ALABASTRON 1257 P1. 88 ............ P1. 88 ...........


47 48 49 .. ..
.. . . . .. . 49

PHORMISKOI 1258 and 1259

KOTHONS 1260-1264 PYXIDES 1265-1296

Pls. 88 and 89 ........ Pls. 89-91 . ............

Corinthian type 1265 and 1266 Tripod-pyxides 1267-1278

Type A 1279-1286
Powder pyxides 1287-1289

Lids 1290-1296
LEKANIDES 1297-1360 Pls. 91-93 .................. 51

Lidless 1297-1329 Lidded 1330-1355 Uncertain if lidless or lidded 1356-1360

TABLE OF CONTENTS LIDS1361-1387 Pls. 94 and 95 .............. .............. 53 53


PLATES 1388-1426 Pis. 95-97 Type A 1388-1410 Type B 1411-1424 Other 1425 and 1426 PHIALAI 1427-1439

Pls. 97 and 98


56 57 57 58

P1. 98 ................ P1S. 98 and 99 .............

1441-1450 CHALICES

SKYPHOI 1451-1657 Pis. 99-107 ............. Corinthian type 1451-1471 Attic type 1472-1656 Special 1657 CuPs 1658-1846 Pis. 108-118 . Komast cups 1658 and 1659 Siana cups 1660-1684 Little Master cups 1685-1745 Cassel cup 1746 Droop cups 1747-1752 Type A and Sub-A 1753-1779 Type B 1780 Stemless cups 1781-1800 Cups, type uncertain 1801-1846 BOWL 1847 P1. 118 . ............... PI. 118. ........................... .............


68 69 69
Pls. 119-121 Pls. . 121-123.
* . . . .

EPINETRA 1848-1850

P1. 119 .............. ........


70 70 71 71 72


PLAQUES 1936-1946

P1. 123 . .

Pls. 123 and 124

DISKS 1947-1949

PI. 124 ....

. . . . .



99 329 337 355 359 363






368 371 382



1 2 3 4 5 6 7 8 9 10 11 12 13 14 15 16 17 18 19 20 21 22

. . . . . . . . . . . One piece amphora 1 (P 6155 a) ...... . 6 . . . . . . . . . . One-piece amphora (P 15088) ... . 34 . . . . . . . . . . One-piece amphora (P 1250), graffito . . . . . . . . . ....... . . 139 (P 13113) Neck-amphora ...... . . . . . . . . . 140 (P 17966) Neck-amphora . . . . . . . . . . ...... . 179 (P 25013) Neck-amphora . .. . . . . . . . . . ...... Amphora 341 (P 20678) . . . . . . . . . . . ...... Amphora 342 (P 26642) . . . . . . . . . . . Amphora 347 (P 25338) ........ . . . . . . . . . . . Amphora 358 (P 22999), dipinto. ..... . . . . . . . . . . . Psykter 398 (P 27885) ........ . . . . . . . . . . . Skyphos-krater400 (P 6577) ...... Dinos stands 615 (P 26619), 616 (P 21708), and 617 (P 13271) . . . . . . . . . . . . . . . . . . . . . . Olpe 698 (P 6457) ........ ..... . . . . . . . . . . . 1150 (P 24411), dipinto Lekythos . ...... . . . . . . . . . . lid 1293 (P 15545) Pyxis . . . . . . . . . . . Lid 1382 (P 15387) ....... . . . . . . . . . . . Skyphos 1559 (P 1270), graffito ...... ... . . . . . . . . . . . . 1615 (P 23175), graffito Skyphos ... . . . . ...311 ... . 1793 (P 6552), graffito Cup . . . . . . . . . . . .. . 1833 (P 4928), graffito Cup . . . . . . . . . . ...... vase 1931 (P 21186) Open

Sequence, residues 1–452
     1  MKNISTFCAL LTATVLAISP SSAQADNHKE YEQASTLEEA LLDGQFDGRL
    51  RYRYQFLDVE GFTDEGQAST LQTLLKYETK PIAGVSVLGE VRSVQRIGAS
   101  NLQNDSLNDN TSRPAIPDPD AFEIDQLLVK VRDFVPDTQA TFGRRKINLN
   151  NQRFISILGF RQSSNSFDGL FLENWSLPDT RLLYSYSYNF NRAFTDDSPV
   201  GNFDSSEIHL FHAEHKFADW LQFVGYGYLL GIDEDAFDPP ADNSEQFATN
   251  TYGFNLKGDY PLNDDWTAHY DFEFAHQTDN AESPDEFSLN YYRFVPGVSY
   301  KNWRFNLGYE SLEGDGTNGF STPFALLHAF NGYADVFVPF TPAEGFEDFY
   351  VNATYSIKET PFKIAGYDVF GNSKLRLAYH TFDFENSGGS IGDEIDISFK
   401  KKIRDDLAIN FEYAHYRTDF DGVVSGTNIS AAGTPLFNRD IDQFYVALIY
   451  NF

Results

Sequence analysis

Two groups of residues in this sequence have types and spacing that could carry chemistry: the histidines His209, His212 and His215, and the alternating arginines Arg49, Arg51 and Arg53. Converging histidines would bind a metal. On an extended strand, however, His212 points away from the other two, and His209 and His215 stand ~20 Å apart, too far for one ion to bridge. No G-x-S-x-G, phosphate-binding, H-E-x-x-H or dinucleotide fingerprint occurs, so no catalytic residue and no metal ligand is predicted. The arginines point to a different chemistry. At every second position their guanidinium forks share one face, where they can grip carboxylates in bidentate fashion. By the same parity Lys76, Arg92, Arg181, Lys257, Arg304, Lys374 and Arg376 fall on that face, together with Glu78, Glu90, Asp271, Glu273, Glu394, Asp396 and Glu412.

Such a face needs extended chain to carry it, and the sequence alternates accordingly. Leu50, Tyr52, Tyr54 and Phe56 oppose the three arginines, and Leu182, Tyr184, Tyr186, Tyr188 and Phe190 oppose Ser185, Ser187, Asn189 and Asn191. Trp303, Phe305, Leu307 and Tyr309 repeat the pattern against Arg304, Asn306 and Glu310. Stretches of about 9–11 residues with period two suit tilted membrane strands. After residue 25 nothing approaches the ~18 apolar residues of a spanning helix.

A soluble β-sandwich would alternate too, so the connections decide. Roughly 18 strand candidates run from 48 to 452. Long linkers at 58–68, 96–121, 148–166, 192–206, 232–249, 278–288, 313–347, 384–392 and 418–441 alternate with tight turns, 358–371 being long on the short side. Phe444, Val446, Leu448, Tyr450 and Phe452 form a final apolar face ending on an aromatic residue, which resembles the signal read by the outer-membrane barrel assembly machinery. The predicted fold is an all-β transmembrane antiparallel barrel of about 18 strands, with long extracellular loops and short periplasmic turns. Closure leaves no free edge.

99 100 104 118 119 125 143 144 145 146 151 152 180 192 241 257 267 287 293 315 324


1-15 16-25 26 27-33 34 35 36 37 38 39 40 41 42-45 46 47 48

One-piece Amphorae Neck-amphorae Neck-amphorae.PanathenaicAmphorae PanathenaicAmphorae PanathenaicAmphorae.Amphorae,Type Uncertain Amphorae,Type Uncertain Amphorae,Type Uncertain. Amphora Lids. Loutrophoroi Loutrophoroi Loutrophoroi.Pelikai Psykter. Skyphos-kraters Skyphos-kraters Skyphos-kraters.Column-kraters Column-kraters Column-kraters.Volute-krater Volute-kraters.Calyx-kraters Calyx-kraters.Lebetes Gamikoi

LIST OF ILLUSTRATIONS 49 50 51-55 56 57 58 59-63 64-72 73 74-87 88 89 90 91 92-93 94 95 96 97 98 99 100-107 108-117 118 119 120 121 122 123 124 Lebetes Gamikoi Kraters, Type Uncertain Stands Stanlds.Louteria Louterion. Dinoi Dinoi Hydriai Oinochoai Oinochoai. Lekythos Lekythoi Alabastron. Phormiskoi. Kothons Kothons. Pyxides Pyxides Pyxides. Lekanides Lekanides Lids Lids. Plates Plates Plates. Phialai Phialai. Mastoid. Chalices Chalices. Skyphoi Skyphoi Cups Cups. Bowl. Epinetra Thymiateria. Closed Shapes Closed Shapes Closed and Open Shapes Open Shapes Open Shapes. Miscellaneous. Plaques Plaques. Disks


PLAN The Athenian Agora showing the Location of Deposits